Norwegian Wood (Noruwei no mori) – Movie Review
By Ron Wilkinson Jan 6, 2012, 18:01 GMT
Toru recalls his life in the 1960s, when his friend Kizuki killed himself and he grew close to Naoko, Kizuki\'s girlfriend, and another woman, the outgoing, lively Midori. ...more
The juxtaposing of nature and three young lovers make this film a feast for the eyes and the heart.
Director Anh Hung Tran snatched up a nomination for the Golden Lion at last year’s Venice Film Festival for this lollapalooza of a love story, only his fifth feature film as director. It even more surprising that he wrote this commendable screenplay, as he wrote his own screenplay for all of his previous four award winning films (including Academy Award nominee “Scent of Green papaya” and Venice Golden Lion winner “Cyclo”). The man is a powerhouse. The screenplay is based on the novel by Haruki Murakami.
The film opens in 1960’s Tokyo where students are echoing the protests occurring around the world. Toru Watanabe (Ken'ichi Matsuyama) hangs out with his best friend Kizuki and Kizuki’s girlfriend Naoko (Rinko Kikuchi). Toru is attracted to the beautiful Naoko and only his steadfast loyalty to Kizuki forbids him even to think about showing her affection.
Although the lives of three outwardly appear to the ultimate in contentment and self-knowledge, there is despair within, just as there is tumult and violent protest in the streets. The director, and DP Mark Lee Ping Bin, use the violent, noisy and costumed student marches to look inside the heads of the three.
Without warning, Kizuki commits suicide, dropping precipitously out of Toru’s and Naoko’s lives. As their emotions are turned upside down the story cuts to sometime later. The remainder of the film is told in the context of their conflicted and unconsummated love.
Naoko is played by accomplished actor Rinko Kikuchi who was in her late 20’s when the film was shot. In spite of her young age, Kikuchi is as practiced and assured as she is beautiful. In the first fourteen years of her career she has collected dozens of awards and nominations including the Oscar and Golden Globe awards for Best Supporting Actress for her work in “Babel” in 2006.
As the director tells the story, she badly wanted the part in spite of Anh Hung’s stated feelings that she was not right for it. She snuck away from filming “Map of the Sounds of Tokyo” in which she plays an insane murderer and transformed herself into the soft, tender and vulnerable Naoko.
Anh Hung was sold. As it turns out, Kikuchi told interviewers that as a teenager she was always attracted to violence in the streets. Perhaps it is this lust for danger that provides a shade of threatening undercurrent to her perceived fragility.
Toru Watanabe is played by Ken'ichi Matsuyama, the iconic hero of the cult favorite “Death Note” franchise. Although he only made a dent in the awards bucket in Asia for his remarkably memorable role as “L” in the “Death Note” series his eccentric, although sharply defined, personality was what Anh Hung Tran needed for this film.
Perhaps it is just as well for Matsuyama that he did not go any farther in the simplistic, but atmospheric, “Death Note” whodunit series, as the huge success of those low budget, super entertaining mystery thrillers could have left him stereotyped. It turns out lucky for him that he declined to make another dozen sequels, although they all might well have made a lot of money.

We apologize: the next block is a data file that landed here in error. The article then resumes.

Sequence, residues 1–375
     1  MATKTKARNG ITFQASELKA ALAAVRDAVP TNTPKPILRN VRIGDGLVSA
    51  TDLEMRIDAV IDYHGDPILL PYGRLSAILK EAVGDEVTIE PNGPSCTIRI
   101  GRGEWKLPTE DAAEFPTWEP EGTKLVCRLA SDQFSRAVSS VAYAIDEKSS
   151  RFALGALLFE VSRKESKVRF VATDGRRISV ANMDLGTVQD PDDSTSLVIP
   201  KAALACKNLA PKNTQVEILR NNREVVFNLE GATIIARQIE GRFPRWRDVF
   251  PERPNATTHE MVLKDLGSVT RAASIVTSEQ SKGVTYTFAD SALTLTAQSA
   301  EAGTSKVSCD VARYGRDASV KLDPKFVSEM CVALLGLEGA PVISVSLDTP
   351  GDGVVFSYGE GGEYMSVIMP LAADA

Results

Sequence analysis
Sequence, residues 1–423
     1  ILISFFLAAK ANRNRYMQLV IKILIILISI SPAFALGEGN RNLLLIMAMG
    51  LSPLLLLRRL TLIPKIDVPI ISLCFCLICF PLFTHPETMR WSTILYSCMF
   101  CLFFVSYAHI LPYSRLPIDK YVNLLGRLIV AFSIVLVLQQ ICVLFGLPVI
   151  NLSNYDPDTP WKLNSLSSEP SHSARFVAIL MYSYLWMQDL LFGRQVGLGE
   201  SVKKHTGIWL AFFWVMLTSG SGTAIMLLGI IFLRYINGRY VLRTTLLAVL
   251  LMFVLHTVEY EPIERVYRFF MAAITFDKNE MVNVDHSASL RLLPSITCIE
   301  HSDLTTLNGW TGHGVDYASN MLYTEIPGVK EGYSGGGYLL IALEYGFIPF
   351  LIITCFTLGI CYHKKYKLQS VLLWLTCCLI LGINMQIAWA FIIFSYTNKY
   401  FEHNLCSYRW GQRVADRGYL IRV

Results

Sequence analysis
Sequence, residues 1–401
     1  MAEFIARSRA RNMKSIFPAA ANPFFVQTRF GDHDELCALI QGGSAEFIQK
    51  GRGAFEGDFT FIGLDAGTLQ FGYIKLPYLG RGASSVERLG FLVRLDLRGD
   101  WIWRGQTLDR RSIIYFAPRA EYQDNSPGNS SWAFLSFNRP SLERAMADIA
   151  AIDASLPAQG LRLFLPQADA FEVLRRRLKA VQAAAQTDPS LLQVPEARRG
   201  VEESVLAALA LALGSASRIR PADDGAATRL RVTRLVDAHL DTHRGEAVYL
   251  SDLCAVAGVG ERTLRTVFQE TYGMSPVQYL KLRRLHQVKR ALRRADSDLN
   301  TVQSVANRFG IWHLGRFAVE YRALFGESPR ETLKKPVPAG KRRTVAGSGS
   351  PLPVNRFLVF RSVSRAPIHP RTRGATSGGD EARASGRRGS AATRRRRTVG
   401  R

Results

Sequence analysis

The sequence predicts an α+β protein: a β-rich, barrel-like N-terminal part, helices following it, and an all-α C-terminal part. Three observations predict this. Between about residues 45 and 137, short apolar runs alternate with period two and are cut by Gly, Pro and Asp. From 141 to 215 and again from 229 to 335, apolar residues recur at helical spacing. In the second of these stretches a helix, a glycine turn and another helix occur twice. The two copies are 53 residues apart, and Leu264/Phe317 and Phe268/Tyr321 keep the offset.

In the second half of the film Naoko is revealed to have significant issues when it comes to intimate relationships. Suddenly, into Toru’s life springs the effervescent and lusty Midori (Kiko Mizuhara). Toru is forced to confront his newfound feelings for Midori with his lifetime of longing for the emotionally stunted Naoko. In so doing he must confront the possibility that his love for Naoko is a substitute for his love of Kizuki, so tragically taken away.
As the audience ponders this, the possibility emerges that Naoko may have been the main cause of Kizuki’s suicide. If her inability to respond to her lover’s overtures was in some way related to Toru’s hidden affections, then both she and Toru are implicated in Kizuki’s death. If this is so, the grass, rain and streams will echo their remorse forever. You must be the judge.
“Norwegian Wood” is a film that shimmers with production values. Anh Hung Tran’s direction is all the more amazing considering he is Vietnamese and does not speak Japanese, the language in which the film is shot. The direction and cinematography make every shot of a blade of grass, a branch of a tree, or a patch of snow into an essay, reflecting the condition of the lead characters.
Nature is something that couples with everybody in the film and contributes to the expression of their feelings. Many who saw Matsuyama in the “Death Note” series fell in love with him as the eccentric, isolated, alienated genius. With this commendable performance he has morphed out of that entrapping stereotype into a more normal, sensitive young man.
The down side is that the film is too long by most standards of Western taste. It would appear the message could have been delivered in forty-five minutes less run time, although the filmmakers would not stand for the loss of feeling.
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Directed by: Anh Hung Tran
Written by: Haruki Murakami (based upon the novel), Anh Hung Tran (screenplay)
Starring: Rinko Kikuchi, Ken'ichi Matsuyama and Kiko Mizuhara
Release Date: January 6, 2012
MPAA: Not Rated
Running Time: 133 Minutes
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